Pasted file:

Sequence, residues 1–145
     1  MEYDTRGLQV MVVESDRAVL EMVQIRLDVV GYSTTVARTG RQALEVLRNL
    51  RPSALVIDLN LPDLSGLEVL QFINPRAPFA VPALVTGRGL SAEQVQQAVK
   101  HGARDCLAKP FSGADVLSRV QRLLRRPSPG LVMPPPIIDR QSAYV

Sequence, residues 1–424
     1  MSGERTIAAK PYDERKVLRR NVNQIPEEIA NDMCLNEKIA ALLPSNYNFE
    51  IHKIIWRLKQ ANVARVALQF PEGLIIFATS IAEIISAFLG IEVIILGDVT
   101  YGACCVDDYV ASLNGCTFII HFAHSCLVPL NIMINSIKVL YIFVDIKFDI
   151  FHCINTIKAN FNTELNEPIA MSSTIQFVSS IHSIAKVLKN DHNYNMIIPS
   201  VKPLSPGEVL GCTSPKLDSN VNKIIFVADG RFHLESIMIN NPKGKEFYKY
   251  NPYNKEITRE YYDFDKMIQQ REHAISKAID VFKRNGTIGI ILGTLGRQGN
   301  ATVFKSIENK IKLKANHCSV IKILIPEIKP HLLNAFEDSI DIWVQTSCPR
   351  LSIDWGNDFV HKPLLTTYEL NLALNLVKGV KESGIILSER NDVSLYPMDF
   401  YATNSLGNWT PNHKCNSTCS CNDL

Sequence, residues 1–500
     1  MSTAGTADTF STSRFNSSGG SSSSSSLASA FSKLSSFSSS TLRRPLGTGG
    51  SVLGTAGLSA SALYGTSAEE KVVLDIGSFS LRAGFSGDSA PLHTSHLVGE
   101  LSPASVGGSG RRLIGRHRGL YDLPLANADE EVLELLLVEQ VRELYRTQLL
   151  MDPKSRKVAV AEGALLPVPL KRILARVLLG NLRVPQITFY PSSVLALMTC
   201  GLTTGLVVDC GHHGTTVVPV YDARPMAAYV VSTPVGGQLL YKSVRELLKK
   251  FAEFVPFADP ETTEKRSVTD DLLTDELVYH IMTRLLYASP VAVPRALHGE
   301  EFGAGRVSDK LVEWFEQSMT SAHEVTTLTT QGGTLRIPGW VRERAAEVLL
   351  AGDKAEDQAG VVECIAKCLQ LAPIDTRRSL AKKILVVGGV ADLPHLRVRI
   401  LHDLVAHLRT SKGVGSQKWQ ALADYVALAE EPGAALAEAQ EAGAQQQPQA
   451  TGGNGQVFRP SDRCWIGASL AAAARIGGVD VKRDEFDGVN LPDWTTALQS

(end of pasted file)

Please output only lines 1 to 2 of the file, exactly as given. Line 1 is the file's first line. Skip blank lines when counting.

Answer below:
Sequence, residues 1–145
     1  MEYDTRGLQV MVVESDRAVL EMVQIRLDVV GYSTTVARTG RQALEVLRNL